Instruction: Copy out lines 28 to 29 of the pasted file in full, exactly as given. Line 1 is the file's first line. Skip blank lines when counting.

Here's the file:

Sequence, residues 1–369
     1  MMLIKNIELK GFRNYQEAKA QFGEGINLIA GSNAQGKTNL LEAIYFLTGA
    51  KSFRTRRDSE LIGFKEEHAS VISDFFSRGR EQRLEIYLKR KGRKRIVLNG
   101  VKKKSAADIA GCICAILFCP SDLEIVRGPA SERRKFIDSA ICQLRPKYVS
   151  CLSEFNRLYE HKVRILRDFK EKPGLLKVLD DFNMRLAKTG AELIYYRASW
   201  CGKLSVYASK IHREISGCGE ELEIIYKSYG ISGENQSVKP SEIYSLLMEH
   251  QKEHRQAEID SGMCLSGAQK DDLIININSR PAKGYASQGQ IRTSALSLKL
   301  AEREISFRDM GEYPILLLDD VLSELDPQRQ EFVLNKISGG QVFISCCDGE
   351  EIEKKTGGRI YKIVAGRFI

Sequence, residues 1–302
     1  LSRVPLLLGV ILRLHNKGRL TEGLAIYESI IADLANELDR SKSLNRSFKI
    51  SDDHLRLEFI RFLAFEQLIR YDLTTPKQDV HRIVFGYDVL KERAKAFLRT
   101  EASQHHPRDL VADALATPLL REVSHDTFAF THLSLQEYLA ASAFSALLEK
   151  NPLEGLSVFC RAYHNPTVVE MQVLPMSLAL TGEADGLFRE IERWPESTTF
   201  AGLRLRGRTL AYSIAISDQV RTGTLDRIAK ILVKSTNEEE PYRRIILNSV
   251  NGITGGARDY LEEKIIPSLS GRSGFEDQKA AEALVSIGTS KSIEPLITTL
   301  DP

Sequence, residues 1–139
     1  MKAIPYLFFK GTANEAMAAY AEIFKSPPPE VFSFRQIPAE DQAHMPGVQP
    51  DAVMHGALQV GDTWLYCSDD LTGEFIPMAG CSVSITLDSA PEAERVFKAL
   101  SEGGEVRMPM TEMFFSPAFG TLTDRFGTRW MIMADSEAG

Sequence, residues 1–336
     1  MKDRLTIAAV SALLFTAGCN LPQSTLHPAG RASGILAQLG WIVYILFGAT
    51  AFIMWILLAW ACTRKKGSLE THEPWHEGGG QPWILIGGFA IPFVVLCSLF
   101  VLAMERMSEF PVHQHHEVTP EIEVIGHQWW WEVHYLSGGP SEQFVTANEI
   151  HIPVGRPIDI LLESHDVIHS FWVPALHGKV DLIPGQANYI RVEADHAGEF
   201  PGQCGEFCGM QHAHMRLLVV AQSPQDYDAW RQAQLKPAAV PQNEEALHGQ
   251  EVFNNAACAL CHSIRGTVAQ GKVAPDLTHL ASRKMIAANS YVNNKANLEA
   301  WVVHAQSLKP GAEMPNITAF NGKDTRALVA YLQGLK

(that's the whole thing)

   251  EVFNNAACAL CHSIRGTVAQ GKVAPDLTHL ASRKMIAANS YVNNKANLEA
   301  WVVHAQSLKP GAEMPNITAF NGKDTRALVA YLQGLK